Can Greensboro criminal attorneys explain if self-defense can be used for involuntary manslaughter? The issue of whether you can use self defense when charged with involuntary manslaughter is a self-defense issue that has been somewhat difficult to determine in North Carolina courts. The court has ruled that so long as the basis for the charge is an unlawful act, such as an assault or affray, then self-defense may be used. If you are unsure of whether self-defense may be used in your case, you should contact a Greensboro criminal lawyer today to know all of your options. Even if self-defense is not an option for you, there may be another defense that can help you in your specific case.
For example, when charged with involuntary manslaughter, if the underlying act is something such as an affray (a fight between two or more people in a public place), self defense can be used because non-deadly force in defense of others (or self) is a valid defense. When deciding if a defendant may assert a defense, the court must take the evidence in the light most favorable to the defendant. Therefore, most of the time when non-deadly force is used in an affray, a jury could have found from the evidence that the defendant’s actions were limited to protecting himself or a friend. Thus, a self-defense jury instruction should be allowed.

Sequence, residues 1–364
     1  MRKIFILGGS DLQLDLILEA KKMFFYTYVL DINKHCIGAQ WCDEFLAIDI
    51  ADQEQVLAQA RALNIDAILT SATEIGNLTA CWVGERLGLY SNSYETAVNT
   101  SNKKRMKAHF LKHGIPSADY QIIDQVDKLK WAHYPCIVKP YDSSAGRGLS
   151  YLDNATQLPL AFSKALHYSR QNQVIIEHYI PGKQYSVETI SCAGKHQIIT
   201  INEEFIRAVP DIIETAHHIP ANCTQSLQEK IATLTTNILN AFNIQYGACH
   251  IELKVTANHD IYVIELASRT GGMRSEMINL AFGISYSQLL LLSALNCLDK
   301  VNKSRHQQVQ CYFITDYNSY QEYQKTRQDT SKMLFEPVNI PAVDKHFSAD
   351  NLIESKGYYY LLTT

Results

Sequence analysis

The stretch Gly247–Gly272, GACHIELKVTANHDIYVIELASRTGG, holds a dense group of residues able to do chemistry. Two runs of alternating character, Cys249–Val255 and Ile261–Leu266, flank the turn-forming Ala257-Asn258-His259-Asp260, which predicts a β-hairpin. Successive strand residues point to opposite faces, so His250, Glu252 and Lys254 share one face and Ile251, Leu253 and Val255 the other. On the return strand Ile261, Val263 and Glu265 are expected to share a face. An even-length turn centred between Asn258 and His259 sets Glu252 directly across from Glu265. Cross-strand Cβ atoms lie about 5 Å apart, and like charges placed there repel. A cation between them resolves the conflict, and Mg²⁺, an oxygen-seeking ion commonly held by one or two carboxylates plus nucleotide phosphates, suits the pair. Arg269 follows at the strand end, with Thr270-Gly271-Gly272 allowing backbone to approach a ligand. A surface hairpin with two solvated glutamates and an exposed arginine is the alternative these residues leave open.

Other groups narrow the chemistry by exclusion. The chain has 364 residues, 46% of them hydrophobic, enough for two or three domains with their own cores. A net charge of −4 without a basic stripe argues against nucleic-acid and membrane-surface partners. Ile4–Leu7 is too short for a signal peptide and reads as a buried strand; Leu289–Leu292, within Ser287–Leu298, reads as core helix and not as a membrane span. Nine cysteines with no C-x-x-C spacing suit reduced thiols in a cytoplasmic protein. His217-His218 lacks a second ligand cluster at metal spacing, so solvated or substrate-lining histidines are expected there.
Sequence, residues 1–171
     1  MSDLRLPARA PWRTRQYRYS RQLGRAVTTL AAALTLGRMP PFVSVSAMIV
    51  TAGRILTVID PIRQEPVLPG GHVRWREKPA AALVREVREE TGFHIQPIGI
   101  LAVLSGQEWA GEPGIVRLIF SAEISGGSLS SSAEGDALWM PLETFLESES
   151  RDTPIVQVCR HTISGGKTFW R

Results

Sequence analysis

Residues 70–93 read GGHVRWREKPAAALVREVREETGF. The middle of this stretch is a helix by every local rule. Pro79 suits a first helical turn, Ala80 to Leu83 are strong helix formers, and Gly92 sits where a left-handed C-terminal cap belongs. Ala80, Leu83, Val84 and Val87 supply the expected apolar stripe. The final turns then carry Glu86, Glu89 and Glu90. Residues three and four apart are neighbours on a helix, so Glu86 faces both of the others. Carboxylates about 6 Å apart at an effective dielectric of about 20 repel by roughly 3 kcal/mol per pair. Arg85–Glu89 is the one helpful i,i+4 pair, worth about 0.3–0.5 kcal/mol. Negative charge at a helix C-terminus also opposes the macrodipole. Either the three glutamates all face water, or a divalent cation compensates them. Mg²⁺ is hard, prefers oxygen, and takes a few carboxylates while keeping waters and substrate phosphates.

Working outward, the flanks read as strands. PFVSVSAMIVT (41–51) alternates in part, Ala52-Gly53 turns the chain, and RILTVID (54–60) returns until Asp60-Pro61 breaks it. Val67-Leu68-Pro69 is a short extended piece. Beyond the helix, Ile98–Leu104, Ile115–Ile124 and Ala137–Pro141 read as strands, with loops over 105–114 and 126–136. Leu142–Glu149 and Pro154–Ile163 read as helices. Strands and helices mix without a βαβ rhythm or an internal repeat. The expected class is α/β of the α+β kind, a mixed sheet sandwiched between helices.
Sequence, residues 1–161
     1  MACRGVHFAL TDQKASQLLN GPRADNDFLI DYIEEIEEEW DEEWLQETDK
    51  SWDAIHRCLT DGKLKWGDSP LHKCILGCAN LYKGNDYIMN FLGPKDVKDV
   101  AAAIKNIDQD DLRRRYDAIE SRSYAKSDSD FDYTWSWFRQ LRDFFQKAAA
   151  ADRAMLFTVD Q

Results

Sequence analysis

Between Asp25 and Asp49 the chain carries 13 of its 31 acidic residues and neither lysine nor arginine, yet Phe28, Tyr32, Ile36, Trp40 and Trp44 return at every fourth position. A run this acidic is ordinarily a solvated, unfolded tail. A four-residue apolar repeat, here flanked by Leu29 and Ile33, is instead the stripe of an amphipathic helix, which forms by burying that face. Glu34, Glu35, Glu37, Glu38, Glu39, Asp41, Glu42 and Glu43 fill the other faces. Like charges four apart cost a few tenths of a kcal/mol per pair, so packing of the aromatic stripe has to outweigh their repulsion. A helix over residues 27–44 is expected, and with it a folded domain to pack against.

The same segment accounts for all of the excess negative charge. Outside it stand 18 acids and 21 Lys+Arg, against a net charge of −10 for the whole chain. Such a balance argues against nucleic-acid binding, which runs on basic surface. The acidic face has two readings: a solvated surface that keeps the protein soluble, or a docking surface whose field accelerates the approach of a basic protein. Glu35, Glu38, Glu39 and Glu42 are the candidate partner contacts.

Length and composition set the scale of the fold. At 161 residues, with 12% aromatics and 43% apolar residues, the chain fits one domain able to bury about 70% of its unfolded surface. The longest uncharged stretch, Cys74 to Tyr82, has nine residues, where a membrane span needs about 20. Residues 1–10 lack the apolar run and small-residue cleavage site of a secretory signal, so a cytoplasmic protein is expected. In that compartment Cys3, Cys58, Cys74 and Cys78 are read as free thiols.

Because each case is different in its own set of facts, and because the law is so complex, you should never assume that there is no valid defense for your case without first consulting an attorney. To know more about defenses that may be helpful to you, do not hesitate to contact a Greensboro criminal lawyer today! The Greensboro criminal attorneys at Garrett, Walker, Aycoth and Olson have the experience you need! Call 336-379-0539 today; we are here to help!